We are pleased to announce that we are the only New Jersey finalist in this year’s ASPCA Rachael Ray $100K Challenge. The ASPCA is challenging fifty shelters and rescues across the United States to save more lives and find more animals homes this summer. We are in the running for over $100,000 in grants: money that we can use to build our new, permanent kennel, pay the incredible medical expenses for our animals, and continue to rescue until all the cages are empty.

Help us show our rescue animals that there really is no place like home. We appreciate your support in any way: adopt, foster, volunteer, donate, advocate.

Follow along via Facebook and our website.

Foster Families: The World of Cat Fostering

23 May

Picture 143

Most people are surprised when they enter my home.  I live with my boyfriend and our two very close friends in a three bedroom house, there are three personal cats who are there permanently.  Normally when people walk in they chuckle at the signs on the wall; “Home is where the cats are,”  “beware of the cat,” the standard kind of signs that garnish a home filled with fur-ball love, the only indications that there are kitties in our home.

486617_10151787683303154_679079510_n

Out of the corner of their eye they see something dart across the living room, then look up at the bookshelf and see eyes peeking down.  Looking around the corner, they notice there are cats plopped here and there – two in the window, three on the couch, five in a pile on a tiny chair.

Wandering into the “dining room,” they realize the room isn’t meant for dining at all but is instead a cat paradise with toys, scratchers, food, chairs and beds galore.

Picture 313

As they turn to me and say “how many cats do you have?” they continue to stare as I give them a number anywhere from 5 to 19.  Yes, 19, there have been three or four occasions where we have had 19 cats at once, more than our adoption facility holds.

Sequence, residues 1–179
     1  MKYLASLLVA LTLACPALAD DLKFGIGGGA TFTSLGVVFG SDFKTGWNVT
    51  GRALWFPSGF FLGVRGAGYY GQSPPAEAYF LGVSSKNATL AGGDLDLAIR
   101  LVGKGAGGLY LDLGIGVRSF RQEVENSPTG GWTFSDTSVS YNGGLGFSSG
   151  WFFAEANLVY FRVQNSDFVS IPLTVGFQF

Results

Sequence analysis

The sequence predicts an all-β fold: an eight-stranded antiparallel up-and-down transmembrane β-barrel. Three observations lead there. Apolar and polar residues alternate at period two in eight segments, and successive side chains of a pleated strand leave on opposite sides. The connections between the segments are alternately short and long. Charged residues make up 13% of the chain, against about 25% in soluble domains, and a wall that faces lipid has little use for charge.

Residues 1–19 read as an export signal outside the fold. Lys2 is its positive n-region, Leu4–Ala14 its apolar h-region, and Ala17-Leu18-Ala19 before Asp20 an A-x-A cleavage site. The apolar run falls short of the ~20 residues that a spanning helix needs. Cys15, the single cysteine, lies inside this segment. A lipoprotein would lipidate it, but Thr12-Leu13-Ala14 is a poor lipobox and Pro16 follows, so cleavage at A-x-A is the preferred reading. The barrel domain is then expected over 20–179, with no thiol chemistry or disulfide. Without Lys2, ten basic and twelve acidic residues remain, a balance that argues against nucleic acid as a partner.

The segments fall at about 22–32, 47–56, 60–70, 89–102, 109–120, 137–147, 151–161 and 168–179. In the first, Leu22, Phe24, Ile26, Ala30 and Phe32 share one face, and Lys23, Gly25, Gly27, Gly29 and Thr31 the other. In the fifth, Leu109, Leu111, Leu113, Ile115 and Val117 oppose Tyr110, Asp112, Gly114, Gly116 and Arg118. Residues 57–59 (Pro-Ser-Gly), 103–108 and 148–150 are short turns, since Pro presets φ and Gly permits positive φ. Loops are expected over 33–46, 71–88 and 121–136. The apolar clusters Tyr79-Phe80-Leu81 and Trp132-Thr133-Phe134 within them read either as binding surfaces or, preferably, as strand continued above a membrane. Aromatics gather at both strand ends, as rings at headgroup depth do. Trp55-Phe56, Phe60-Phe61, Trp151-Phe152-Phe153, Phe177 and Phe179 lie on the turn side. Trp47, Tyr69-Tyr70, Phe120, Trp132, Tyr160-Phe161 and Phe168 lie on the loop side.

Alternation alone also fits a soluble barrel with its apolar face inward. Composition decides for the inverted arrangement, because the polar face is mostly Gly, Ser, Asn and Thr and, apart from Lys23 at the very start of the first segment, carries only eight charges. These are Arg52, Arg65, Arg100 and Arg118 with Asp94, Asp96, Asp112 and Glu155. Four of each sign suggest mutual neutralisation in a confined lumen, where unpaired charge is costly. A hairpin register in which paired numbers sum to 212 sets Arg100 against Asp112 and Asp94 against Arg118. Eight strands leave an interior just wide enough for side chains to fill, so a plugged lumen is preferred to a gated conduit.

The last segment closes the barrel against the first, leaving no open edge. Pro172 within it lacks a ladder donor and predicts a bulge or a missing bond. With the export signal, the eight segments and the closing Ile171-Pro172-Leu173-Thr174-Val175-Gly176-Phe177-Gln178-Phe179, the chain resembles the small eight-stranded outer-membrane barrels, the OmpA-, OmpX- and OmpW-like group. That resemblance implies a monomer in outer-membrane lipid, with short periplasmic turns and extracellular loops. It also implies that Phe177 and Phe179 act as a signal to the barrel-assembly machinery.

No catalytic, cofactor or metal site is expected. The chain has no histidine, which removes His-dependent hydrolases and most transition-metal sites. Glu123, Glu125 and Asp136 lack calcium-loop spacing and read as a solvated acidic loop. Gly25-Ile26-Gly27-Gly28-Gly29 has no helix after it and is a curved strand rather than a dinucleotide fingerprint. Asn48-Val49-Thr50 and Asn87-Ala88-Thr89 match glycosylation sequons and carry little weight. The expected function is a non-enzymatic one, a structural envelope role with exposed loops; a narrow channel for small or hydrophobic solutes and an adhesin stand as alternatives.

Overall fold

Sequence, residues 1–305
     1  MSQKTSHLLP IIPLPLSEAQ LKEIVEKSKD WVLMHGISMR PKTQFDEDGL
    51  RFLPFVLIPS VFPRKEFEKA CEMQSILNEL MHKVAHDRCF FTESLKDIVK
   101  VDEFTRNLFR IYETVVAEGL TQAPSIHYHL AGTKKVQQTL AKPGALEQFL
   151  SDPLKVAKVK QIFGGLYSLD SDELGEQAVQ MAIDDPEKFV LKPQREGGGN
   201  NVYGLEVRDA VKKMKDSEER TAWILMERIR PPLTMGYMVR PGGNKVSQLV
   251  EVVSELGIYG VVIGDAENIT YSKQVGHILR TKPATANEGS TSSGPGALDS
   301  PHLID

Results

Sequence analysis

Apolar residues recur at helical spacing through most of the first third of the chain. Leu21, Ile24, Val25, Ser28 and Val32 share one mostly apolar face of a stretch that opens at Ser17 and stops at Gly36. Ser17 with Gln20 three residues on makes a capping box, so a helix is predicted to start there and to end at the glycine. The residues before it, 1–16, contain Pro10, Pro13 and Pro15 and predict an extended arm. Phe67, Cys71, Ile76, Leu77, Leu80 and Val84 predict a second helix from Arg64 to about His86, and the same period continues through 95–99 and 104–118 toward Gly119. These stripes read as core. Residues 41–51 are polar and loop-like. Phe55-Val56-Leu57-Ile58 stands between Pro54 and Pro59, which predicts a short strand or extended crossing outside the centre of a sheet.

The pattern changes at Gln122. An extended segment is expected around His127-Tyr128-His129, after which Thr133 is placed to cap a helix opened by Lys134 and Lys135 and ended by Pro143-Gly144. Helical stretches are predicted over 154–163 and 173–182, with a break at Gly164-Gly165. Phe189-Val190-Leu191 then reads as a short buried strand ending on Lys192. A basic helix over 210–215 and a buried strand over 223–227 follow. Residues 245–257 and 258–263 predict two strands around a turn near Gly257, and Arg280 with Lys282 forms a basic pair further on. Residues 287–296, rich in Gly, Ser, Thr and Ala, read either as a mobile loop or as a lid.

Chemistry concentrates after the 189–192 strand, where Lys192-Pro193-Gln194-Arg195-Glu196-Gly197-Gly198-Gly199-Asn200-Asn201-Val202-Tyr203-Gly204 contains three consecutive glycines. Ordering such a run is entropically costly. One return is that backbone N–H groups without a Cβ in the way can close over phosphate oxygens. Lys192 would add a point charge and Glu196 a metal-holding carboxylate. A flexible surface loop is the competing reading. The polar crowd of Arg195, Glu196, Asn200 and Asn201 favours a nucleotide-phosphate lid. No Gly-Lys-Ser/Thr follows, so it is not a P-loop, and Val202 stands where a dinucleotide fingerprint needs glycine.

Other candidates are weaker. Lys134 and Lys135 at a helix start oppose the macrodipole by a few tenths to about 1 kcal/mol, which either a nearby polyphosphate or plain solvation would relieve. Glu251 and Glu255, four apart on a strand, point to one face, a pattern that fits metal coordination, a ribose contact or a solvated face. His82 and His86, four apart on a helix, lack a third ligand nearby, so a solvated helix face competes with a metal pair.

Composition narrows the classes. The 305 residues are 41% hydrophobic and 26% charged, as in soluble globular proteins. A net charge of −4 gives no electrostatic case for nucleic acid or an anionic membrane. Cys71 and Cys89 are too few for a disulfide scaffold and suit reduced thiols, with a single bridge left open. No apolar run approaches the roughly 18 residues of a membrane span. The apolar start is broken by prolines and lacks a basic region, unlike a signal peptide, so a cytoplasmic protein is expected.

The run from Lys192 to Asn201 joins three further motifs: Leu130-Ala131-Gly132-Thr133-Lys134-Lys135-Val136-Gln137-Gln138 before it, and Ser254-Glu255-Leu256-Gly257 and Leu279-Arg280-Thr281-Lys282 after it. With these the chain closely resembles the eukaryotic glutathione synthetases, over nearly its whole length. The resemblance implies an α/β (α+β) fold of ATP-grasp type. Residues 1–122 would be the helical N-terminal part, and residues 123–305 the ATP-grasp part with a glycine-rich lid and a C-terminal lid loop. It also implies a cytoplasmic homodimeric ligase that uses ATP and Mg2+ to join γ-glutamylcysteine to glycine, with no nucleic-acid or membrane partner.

Picture 314

To answer some immediate questions:  No, my house actually doesn’t smell like cats.  Yes, I am out of my mind.  No, I am not some weird old woman who lives at the end of a cul-de-sac, I’m actually only 25 and no, I wouldn’t trade it for the world.  We have saved 80 lives in 10 months – that’s 80 cats (and maybe 5-6 dogs) who would have died if we had not opened our home to them.  At times it is stressful but the majority of the time it is simply beautiful and fulfilling.

Picture 315

Fostering cats has to be one of the easiest things possible to make a difference (unless you have 19.)  If any of the cats are sick, they are kept in large kitty condos in separate bedrooms as to not spread illness or infection.  Because of this, sometimes you’ll only actually see five cats, all the others are in quarantine.  I always tell people if you have a spare bedroom or small bathroom you can keep the door to closed, you can fosters cats.  All they require is some clean litter daily, some food and water and of course as much love as you’re willing to give them.  They repay you with purrs, tail swishes and leg rubs, the best forms of payment out there.

Picture 316

There are so many stories I want to share with everyone.  The time we were given frightened, shaved Persians out of a hoarding situation and how good it felt the first time we got them to purr.  Or maybe the kittens that were taken from a meth lab who had been abused but immediately knew they were safe in our arms.  Perhaps I would tell you of another rescue that pulled a nursing mother and 9 seven week old babies from a high kill shelter right before they were going to be put to sleep, only to find out they had ringworm and thus wanted to take them back to be euthanized but instead we opened our hearts and our home to them.  I would tell you about the 9 month old cutie who was being given away on free website because he got too big, the playful girl abandoned at a local barn, the babies and moms we saved an hour before they were going to be put to sleep at a shelter in New York City, perhaps even the baby boy who was so sick and infected that he had to have his eye removed.  There are so many stories to tell but only so much time.  Each and every foster holds their own story and at the end of the day, when you say goodnight to each and every one of them, you can see the trust and love in their eyes and know that without you, they would no longer be alive.

Picture 317

Fostering cats is the easiest thing in the world.  Yes, there are hardships, but that is expected when you’re making such a huge difference.  There is absolutely nothing better than watching them get adopted and getting updates, because more often than not, the adopters stay in touch.  Years later I still get updates from my first fosters, it shows me that not only did I make a difference in the cat’s life, I made a difference in the life of that family and the experience made a difference in me as well.

Picture 318